The major similarities between the two books is how the game is played.  Both are linear and each puzzle must be solved before you can move on to the next page.  The puzzles can be described as enigma puzzles where you digest any information, pictures, and hints that you see in the book or online.  The challenge is to figure out exactly what the puzzle is asking for.  Sometimes they are very vague and only seem to have a picture.  Sometimes you’ll have to think outside the book or use the internet to look up additional information.  Once you think you know the answer you can type it into the website and will immediately inform you that you got it wrong or it will advance you to the next page. Also, if there’s a puzzle that requires cutting, you can flip to the back of the book where they provide a few duplicates so that you don’t have to destroy your book. 

Journal 29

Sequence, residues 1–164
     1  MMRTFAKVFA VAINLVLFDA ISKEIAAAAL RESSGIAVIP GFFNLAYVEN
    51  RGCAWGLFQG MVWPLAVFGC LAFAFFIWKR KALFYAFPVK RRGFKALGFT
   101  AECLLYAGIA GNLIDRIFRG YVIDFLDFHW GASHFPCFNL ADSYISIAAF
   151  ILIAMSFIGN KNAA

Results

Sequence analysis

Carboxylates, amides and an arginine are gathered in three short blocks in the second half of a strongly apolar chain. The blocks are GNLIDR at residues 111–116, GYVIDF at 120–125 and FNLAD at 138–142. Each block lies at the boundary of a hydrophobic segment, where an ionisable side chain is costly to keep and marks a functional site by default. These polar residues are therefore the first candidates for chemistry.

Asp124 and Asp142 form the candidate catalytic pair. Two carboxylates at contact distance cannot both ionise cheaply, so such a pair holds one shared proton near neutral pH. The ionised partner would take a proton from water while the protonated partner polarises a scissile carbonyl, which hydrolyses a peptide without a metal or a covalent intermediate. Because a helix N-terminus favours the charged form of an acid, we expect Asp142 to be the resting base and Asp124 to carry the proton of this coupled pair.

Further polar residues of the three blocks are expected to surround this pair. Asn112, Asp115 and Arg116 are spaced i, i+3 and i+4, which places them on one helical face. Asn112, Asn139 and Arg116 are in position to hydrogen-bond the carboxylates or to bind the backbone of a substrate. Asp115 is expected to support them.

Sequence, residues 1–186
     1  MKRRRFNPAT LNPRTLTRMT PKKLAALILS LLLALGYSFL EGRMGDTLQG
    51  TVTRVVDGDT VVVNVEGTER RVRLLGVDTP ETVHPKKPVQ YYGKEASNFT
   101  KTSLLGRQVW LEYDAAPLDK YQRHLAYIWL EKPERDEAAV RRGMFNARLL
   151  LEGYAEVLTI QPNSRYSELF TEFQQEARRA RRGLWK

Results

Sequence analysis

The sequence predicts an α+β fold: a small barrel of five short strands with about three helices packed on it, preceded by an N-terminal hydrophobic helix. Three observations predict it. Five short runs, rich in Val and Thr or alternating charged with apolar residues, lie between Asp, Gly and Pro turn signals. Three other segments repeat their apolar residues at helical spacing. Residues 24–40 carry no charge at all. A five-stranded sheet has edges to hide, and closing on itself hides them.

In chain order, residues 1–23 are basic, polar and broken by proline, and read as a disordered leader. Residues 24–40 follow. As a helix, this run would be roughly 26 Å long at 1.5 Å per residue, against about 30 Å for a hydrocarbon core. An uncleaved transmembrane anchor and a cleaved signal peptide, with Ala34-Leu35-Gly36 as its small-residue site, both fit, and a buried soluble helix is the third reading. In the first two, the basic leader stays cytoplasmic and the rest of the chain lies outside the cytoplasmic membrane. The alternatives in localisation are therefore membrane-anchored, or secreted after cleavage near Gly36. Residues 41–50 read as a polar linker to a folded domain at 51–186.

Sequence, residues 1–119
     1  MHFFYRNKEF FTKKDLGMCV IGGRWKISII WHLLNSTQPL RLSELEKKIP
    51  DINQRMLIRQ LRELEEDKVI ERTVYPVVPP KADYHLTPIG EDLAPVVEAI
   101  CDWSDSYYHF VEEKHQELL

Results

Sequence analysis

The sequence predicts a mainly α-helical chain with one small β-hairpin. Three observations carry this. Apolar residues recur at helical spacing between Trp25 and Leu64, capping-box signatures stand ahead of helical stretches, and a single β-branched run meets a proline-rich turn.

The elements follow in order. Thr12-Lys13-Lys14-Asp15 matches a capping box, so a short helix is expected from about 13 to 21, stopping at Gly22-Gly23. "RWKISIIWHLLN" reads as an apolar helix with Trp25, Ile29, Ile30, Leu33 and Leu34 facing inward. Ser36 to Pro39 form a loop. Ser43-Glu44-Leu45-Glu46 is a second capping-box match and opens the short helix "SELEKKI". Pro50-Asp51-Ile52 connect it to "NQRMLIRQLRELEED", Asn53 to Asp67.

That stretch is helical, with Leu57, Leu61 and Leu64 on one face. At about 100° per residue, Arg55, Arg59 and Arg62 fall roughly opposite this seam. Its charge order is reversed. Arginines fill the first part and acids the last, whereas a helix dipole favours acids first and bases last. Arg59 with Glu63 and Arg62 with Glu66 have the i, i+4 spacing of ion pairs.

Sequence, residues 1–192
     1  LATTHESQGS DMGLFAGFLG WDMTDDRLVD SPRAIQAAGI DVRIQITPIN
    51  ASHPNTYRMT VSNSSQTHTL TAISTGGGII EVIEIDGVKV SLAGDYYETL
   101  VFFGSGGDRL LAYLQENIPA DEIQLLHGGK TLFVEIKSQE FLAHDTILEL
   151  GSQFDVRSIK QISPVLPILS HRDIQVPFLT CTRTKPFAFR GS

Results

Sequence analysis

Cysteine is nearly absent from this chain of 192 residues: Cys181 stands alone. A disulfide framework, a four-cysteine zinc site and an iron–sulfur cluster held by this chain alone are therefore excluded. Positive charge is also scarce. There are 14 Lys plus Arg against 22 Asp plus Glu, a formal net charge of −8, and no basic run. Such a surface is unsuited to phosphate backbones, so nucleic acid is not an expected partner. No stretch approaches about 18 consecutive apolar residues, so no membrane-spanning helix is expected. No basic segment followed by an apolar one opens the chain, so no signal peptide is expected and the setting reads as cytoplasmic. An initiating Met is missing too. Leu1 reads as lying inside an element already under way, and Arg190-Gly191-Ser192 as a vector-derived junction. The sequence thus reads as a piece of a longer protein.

Things I loved: The theme for Journal 29 revolves around an archeological team at a dig site that seem to have uncovered something out of this world.  The theme is really for visual purposes as a story is nearly non-existent for this book.  This book was the first of its kind so trying it for the first time is an awesome experience.  The book was really challenging with 63 puzzles that are all completely different from any other puzzle in the book.  I had to force myself to finish a puzzle or two a night in order to get through the whole thing.  Overall, I estimate it took me 10 hours to solve all chapters.  I think it sat on my end table for a good month or two as I would pick it up occasionally when I felt like digging into a puzzle. The puzzles also require that you write down the answer or key for each chapter as you might get asked to combine previous keys to unlock a puzzle.  This might be a clever way to prevent people from cheating although I don’t know why you would ever want to cheat yourself out of solving a puzzle you paid for.